There were three previous cases, when highly successful amateur squads made a complete transition to a pro game – twice for the United States and once for Cuba.

Let’s see how those shifts have played out.


Five gold medals (Leo Randolph, Howard Davis Jr., Sugar Ray Leonard, Michael Spinks, Leon Spinks), and one silver medal (Charles Mooney), and one bronze medal (John Tate).

• Two all-time greats and IBHOF members (Sugar Ray Leonard and Michael Spinks);

• Two world heavyweight champions, who later degraded to journeyman status (Leon Spinks) or into oblivion (John Tate). One super bantamweight world champion (Leo Randolph) who retired after a stoppage loss in his first title defense. All three captured major belts only to lose them in their first defenses and never regained any.

• One perennial world title contender failing to win something big on three occasions (Howard Davis Jr.)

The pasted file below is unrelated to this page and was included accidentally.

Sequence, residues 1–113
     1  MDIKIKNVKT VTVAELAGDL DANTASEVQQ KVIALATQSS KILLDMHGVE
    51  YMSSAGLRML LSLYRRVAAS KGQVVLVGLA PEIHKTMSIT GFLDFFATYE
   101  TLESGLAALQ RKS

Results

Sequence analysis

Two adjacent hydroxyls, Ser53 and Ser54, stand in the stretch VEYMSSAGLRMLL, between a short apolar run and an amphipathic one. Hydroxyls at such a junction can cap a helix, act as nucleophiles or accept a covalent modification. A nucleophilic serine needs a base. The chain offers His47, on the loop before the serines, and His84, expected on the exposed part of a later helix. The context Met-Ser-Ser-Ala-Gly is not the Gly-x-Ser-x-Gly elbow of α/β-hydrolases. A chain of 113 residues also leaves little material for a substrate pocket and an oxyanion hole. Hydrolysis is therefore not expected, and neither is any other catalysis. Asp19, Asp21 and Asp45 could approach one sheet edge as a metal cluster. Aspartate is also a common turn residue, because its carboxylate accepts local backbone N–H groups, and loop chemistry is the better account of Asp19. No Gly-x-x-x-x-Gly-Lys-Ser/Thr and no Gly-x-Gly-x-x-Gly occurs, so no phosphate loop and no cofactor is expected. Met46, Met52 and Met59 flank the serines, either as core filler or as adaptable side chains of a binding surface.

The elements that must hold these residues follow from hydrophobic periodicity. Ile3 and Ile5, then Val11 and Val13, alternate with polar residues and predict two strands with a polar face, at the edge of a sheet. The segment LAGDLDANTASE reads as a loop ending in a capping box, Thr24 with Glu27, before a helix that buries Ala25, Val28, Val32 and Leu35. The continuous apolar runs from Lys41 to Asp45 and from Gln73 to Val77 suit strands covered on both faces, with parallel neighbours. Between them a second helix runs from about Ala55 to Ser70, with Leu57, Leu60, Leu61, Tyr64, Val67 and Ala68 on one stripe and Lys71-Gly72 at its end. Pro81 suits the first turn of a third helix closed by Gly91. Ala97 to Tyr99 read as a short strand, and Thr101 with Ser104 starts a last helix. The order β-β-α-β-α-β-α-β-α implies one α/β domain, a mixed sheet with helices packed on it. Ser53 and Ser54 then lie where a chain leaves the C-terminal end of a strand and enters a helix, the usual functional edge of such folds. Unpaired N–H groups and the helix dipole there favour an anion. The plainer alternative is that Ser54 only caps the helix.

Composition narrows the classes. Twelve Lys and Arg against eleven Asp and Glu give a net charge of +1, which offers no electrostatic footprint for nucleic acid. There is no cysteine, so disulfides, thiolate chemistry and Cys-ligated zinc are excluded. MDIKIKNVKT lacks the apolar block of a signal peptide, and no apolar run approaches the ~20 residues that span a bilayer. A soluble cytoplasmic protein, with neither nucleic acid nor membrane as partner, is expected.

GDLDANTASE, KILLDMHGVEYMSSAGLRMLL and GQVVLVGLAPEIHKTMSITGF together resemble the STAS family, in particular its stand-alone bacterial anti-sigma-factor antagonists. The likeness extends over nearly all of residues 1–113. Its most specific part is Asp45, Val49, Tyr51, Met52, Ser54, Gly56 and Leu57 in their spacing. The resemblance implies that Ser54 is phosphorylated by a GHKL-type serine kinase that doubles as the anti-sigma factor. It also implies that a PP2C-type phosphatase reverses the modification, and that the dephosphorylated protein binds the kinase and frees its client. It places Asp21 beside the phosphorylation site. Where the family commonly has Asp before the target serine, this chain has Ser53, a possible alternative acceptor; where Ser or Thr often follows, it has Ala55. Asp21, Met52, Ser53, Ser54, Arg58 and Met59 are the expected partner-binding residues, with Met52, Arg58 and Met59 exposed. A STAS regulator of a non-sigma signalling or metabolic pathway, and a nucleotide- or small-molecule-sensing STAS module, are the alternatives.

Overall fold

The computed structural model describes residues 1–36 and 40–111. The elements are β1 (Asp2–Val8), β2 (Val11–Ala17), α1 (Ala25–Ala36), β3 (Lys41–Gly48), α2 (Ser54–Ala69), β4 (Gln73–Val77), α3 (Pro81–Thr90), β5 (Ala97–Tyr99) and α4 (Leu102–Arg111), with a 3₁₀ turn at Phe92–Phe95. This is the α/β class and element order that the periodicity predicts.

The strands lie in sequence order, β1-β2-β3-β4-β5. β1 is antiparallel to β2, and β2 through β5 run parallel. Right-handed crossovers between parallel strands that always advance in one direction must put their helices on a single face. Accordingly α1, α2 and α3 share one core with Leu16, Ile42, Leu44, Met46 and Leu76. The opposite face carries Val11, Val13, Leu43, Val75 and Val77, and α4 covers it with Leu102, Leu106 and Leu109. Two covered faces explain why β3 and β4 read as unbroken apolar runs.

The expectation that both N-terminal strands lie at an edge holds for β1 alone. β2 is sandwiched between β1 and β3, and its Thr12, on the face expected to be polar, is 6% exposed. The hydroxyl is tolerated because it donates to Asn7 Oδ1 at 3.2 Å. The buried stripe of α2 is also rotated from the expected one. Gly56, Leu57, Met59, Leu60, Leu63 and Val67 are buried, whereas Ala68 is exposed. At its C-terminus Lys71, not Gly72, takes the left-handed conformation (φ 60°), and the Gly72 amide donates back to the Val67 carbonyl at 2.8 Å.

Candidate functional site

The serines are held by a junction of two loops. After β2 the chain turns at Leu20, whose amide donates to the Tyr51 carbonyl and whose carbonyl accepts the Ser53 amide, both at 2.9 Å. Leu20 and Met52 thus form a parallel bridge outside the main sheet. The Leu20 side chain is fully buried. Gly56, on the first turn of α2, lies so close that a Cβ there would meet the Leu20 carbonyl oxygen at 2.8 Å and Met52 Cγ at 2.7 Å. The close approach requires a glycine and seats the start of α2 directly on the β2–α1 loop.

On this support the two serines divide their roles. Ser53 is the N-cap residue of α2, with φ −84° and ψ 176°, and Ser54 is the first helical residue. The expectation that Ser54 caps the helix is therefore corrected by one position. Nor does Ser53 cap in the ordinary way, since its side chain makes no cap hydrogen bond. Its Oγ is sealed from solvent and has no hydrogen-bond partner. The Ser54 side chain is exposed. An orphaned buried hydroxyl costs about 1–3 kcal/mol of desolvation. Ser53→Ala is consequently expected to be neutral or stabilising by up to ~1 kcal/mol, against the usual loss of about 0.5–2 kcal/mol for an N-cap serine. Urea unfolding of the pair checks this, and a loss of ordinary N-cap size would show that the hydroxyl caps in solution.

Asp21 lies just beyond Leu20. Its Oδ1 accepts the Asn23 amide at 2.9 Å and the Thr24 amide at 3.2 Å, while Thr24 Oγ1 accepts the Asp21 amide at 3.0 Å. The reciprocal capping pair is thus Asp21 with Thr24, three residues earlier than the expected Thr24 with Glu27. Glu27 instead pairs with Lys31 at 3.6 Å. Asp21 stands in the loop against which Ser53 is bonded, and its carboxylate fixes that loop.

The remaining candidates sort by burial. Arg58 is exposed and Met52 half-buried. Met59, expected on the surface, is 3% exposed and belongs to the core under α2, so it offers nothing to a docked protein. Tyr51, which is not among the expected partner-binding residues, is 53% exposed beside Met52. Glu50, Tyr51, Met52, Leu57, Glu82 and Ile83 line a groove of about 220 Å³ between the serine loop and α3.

• Four, who failed to achieve anything solid in the pro game (Louis Curtis, Clint Jackson, Davey Lee Armstrong, Chuck Walker)

• One, who never turned pro – Charles Mooney


It is often named to be the greatest team of all time but bear in mind that both Cuba and the USSR boycotted the 1984 Los Angeles Games for political reasons. It is safe to say that the outcome would have been at least partially different if two amateur super-powers had competed in the tournament.

Nevertheless, nine gold medals (Paul Gonzalez, Steve McCrory, Meldrick Taylor, Pernell Whitaker, Jerry Page, Mark Breland, Frank Tate, Henry Tillman and Tyrell Biggs), one silver (Virgil Hill), one bronze (Evander Holyfield), and only Robert Shannon went out in the second round without winning anything big.